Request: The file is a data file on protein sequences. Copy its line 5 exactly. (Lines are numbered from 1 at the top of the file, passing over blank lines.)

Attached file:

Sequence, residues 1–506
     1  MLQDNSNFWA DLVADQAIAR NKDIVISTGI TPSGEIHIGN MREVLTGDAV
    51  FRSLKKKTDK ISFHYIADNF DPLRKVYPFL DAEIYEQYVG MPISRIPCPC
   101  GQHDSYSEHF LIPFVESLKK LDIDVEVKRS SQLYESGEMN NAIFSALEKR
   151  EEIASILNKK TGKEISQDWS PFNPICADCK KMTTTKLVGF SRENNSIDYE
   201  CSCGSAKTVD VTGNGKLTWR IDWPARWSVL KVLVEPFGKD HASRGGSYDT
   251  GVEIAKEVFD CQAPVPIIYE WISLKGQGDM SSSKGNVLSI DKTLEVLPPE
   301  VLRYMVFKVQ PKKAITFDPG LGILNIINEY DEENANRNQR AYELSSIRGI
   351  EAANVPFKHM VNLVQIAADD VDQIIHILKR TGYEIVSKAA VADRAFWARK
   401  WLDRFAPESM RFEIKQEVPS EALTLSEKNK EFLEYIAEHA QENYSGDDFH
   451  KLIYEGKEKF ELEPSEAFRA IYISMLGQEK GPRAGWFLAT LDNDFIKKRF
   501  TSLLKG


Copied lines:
   151  EEIASILNKK TGKEISQDWS PFNPICADCK KMTTTKLVGF SRENNSIDYE